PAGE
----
Like wise most VPN systems cannot handle end point IP address changes without re-starting the tunnel. Also most VPNs have other significant problems due to their design (packet mangaling and bad latency). The cure for VPN latency by the way is to use stream encryption and pre-compute the key stream, that way the overhead on the payload is the XOR process on each byte. However as Bruce will confirm there are a number of interesting issues with stream encryption that do not happen with the various chaining modes of block encryption, so packet size mangaling remains a requirment.

What is needed is for somebody to actually sit down and say "fixed point to point connectivity has been out grown", "What is required by users is full mobile connectivity".

From a simplistic point of view what you need is VPN that is designed specifically for IP address changes and fully dynamic routing.

For a start you could assume that the easiest way is to put a gateway on every device that comes after the IP stack and works just above the network layer. That way all the existing software will continue to work just fine, the gatway converts the changing "mobile" network level addresses back to a fixed end point scheam for it.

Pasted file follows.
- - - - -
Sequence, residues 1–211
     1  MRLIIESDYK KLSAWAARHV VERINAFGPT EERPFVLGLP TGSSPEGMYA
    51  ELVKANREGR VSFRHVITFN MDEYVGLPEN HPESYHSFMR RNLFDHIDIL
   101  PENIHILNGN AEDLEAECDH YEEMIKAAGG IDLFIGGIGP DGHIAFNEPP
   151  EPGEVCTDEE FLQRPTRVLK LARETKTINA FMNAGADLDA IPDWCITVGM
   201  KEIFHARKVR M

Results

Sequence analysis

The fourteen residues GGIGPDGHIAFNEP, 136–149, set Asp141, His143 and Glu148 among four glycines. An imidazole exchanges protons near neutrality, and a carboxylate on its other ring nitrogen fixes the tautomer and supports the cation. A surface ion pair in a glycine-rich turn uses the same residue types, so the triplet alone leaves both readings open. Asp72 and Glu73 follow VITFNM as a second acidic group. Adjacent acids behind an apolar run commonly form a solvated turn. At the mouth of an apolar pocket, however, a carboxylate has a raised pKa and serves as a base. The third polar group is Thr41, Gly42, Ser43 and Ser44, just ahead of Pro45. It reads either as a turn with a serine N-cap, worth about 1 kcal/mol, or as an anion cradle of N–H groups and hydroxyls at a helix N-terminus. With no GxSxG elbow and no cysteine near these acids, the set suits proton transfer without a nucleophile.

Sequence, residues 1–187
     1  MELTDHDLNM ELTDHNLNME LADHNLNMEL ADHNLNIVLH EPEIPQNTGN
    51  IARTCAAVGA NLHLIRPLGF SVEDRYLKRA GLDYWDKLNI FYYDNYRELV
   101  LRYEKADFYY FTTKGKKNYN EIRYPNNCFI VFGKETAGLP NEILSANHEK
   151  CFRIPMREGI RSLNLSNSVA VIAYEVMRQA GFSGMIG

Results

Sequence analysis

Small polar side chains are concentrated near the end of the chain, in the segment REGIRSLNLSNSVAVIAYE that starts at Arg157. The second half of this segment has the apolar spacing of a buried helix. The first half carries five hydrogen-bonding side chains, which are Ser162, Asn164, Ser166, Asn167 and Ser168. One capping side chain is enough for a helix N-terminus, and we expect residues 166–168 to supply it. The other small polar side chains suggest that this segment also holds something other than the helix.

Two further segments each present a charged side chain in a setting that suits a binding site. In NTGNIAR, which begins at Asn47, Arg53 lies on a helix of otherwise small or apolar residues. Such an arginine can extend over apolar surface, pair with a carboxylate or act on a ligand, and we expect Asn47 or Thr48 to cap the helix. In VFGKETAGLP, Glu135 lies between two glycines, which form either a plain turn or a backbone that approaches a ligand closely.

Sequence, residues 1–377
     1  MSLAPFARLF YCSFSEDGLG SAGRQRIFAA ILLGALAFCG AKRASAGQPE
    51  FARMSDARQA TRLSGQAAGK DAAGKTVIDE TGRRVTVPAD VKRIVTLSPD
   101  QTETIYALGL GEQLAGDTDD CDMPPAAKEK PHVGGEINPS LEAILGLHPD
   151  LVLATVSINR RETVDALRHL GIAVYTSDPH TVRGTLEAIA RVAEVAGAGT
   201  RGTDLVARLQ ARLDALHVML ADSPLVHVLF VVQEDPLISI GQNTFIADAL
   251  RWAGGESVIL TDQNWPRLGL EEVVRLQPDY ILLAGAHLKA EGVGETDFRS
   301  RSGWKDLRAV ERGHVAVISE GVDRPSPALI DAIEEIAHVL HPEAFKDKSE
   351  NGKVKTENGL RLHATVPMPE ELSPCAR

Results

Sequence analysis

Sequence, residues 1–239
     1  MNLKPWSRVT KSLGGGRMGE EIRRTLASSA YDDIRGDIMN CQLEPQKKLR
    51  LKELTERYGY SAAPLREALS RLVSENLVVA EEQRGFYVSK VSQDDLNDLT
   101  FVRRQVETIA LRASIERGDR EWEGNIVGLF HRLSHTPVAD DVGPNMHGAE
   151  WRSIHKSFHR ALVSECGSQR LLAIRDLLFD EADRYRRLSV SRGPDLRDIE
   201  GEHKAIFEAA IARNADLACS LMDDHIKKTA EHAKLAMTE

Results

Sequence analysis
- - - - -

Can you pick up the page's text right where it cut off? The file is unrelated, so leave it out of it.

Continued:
For initial simplicity and low complexity clients (like IP phones) you would have to assume a mid-point proxy and registry that has fixed network addresses (it's not strictly nessacary but it makes life easier ;) that each mobile client connects to. Therby converting the complex "many to many" problem to two (or more) simple "one to many" problems.

Likewise you would probably make the proxy responsable for handaling the "or more" and "many" issues with the one to many relationships. Thus simplifying the client andMobile-VPN issue by reducing it to a point to point encryption link.

However there is no real reason why you have to do this, again using the SIP view of the world the gateway on each mobile client could on detecting that it's network address was about/likley to change could re-register it's new address with the SIP registry and send re-invite messages to the gateways on the devices it is communicating with (or the proxies they are using).

Also as the gateway to gateway VPN is established there is no reason for it to be torn down and re-established providing it has in built network location less authentication (ie payload level).